Tell Us: What are some of your favorite old school movies or TV shows?

Make homemade hot chocolate and read together. Some great read-aloud stories for younger kids: Little House on the Prairie, Ralph S. Mouse, The Chronicles of Narnia, Velveteen Rabbit, Mrs. Piggle Wiggle and Pippi Longstocking.

Tip: If you have older kids, let family members tell their own stories by candlelight or firelight.

Have a Marshmallow Olympics night. Do a marshmallow basketball toss into a Tupperware bucket. For a marshmallow drop, have one partner lay down on the floor with an ice cream cone held point down on his chin while his partner stands above him to drop mini marshmallows into the ice cream cone. Do a marshmallow baseball throw by seeing how far each person can throw a marshmallow (you can challenge older kids, teens, and adults by telling them that they can’t use their dominant hand!). See who can make the craziest or scariest marshmallow monsters with different size marshmallows, licorice, toothpicks, frosting and skittles. What else can you do with marshmallows?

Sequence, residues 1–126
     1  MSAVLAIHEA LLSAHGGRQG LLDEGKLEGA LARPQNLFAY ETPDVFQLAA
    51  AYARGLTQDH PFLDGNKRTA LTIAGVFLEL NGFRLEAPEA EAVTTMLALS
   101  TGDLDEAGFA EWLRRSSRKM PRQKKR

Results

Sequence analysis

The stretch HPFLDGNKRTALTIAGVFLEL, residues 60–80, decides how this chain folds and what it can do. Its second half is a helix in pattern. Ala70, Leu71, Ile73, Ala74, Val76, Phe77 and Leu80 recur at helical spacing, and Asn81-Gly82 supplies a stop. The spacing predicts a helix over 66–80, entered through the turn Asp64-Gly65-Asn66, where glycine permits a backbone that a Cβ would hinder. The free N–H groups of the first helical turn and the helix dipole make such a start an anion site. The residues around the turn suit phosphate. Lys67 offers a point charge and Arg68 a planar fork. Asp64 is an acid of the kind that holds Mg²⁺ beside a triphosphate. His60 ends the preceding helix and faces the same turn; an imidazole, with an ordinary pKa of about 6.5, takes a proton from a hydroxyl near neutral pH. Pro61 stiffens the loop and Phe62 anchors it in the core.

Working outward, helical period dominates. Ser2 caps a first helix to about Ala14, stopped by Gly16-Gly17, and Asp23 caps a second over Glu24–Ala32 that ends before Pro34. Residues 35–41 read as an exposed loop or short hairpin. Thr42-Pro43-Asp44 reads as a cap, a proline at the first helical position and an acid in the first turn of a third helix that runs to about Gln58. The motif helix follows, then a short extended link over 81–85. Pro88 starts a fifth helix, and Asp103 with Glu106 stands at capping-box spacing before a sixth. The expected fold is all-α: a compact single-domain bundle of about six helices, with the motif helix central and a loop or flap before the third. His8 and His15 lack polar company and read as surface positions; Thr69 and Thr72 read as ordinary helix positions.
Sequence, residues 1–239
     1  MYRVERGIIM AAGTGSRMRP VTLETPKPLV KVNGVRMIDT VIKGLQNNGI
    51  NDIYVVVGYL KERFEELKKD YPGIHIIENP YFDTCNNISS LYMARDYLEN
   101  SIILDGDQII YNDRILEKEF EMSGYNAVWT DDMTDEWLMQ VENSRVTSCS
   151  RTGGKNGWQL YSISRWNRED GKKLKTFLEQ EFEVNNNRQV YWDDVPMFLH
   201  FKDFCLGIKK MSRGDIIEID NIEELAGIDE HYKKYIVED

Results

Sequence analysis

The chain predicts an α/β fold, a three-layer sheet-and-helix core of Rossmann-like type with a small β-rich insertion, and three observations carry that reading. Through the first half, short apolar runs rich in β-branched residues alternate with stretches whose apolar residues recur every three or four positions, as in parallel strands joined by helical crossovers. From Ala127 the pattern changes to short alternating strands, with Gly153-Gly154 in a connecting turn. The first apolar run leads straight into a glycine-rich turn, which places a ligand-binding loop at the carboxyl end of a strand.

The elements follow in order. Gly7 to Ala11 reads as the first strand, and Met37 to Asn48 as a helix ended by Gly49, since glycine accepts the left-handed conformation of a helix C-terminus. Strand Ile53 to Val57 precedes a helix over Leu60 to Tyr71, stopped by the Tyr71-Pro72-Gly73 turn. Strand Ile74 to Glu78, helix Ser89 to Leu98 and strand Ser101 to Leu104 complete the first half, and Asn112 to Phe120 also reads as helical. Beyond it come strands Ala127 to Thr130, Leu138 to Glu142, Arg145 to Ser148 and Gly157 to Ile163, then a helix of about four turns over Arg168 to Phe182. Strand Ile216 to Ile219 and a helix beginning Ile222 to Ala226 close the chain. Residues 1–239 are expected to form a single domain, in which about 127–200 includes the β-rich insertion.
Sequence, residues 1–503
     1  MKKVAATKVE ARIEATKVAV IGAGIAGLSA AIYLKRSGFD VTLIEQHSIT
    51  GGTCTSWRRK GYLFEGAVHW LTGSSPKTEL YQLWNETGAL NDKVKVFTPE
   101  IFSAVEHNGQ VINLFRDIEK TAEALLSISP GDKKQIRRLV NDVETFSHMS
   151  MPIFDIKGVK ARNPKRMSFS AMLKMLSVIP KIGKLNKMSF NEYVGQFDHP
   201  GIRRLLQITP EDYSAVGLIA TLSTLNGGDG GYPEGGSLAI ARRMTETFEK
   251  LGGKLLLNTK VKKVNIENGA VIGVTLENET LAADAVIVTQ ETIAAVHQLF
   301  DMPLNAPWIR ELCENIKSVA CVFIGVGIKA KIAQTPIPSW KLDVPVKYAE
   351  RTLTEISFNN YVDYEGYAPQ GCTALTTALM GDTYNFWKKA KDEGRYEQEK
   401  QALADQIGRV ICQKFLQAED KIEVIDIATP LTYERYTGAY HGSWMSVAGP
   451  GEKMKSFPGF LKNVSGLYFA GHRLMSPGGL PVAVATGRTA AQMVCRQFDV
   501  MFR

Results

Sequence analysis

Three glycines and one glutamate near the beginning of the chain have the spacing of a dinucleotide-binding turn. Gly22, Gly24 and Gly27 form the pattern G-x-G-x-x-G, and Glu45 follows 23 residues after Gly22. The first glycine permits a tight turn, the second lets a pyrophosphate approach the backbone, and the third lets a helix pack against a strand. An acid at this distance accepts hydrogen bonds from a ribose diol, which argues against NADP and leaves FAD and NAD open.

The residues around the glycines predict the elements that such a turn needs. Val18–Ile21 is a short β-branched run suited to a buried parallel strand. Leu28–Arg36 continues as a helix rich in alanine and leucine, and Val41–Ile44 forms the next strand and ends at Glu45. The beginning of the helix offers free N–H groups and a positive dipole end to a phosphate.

Got a fireplace? Bonus: Roast and eat your marshmallows afterward…mmm :)
Photo credit: Dimitri N via Flick’r.

Make a home movie. Start with family photos or videos (new or old), a family talent show, or make a video tour of your favorite places around town. Use iMovie, PowerPoint, or Windows Movie Maker to make your creation.

  • Do you have an idea for an awesome Cabin Fever Buster? Comment below and share it with us!

_________________________________________________________________________________________________1. “Snowed In” image via Bohpix on Flick’r.

Resolve to Make Family-Focused Volunteer Efforts in 2017

December 27th, 2016

By: Ann Saylor

originally published at

The holiday season is now behind us, but there are still many opportunities for families to help others. Instead of teaching children to focus on the gifts they have received these past weeks, teach them to share the gift of service with people in your community. Serving others can also empower youth, strengthen positive identities, build social competencies, and unify families.

Your family might choose to serve a meal at a homeless shelter, decorate cards for prisoners, or help children make crafts for their families. You could host a game night at an assisted living facility or bake cookies for firefighters. The possibilities are endless!

Volunteering doesn’t have to be “just another thing” on your to-do list this month. It can be a natural outflow of your family’s interests and talents, and a great way to build family memories. Here are some steps to get you started:

1. Ask family members about their skills, talents and passions—what do they love to do?Your list might include basketball, painting, singing, or playing games. Or organizing, hospitality, and making new friends.